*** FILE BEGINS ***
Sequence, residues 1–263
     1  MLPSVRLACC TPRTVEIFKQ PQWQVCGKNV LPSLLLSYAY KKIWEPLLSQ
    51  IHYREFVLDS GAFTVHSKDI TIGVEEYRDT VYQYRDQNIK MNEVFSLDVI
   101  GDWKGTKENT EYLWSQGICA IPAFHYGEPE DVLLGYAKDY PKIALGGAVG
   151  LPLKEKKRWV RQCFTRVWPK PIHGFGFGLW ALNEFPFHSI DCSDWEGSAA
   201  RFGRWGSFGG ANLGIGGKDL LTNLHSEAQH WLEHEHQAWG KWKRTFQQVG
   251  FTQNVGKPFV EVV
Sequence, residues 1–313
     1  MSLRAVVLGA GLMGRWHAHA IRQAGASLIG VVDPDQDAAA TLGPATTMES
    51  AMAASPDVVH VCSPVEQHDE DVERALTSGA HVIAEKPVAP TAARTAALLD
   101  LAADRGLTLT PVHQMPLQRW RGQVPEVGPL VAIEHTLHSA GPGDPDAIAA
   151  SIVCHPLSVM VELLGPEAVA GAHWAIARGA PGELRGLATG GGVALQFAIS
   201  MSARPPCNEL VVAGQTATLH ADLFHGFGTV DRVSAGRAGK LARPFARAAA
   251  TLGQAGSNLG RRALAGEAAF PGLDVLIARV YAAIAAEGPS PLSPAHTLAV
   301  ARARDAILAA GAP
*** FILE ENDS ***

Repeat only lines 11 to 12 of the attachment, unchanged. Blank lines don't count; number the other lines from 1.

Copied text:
   101  LAADRGLTLT PVHQMPLQRW RGQVPEVGPL VAIEHTLHSA GPGDPDAIAA
   151  SIVCHPLSVM VELLGPEAVA GAHWAIARGA PGELRGLATG GGVALQFAIS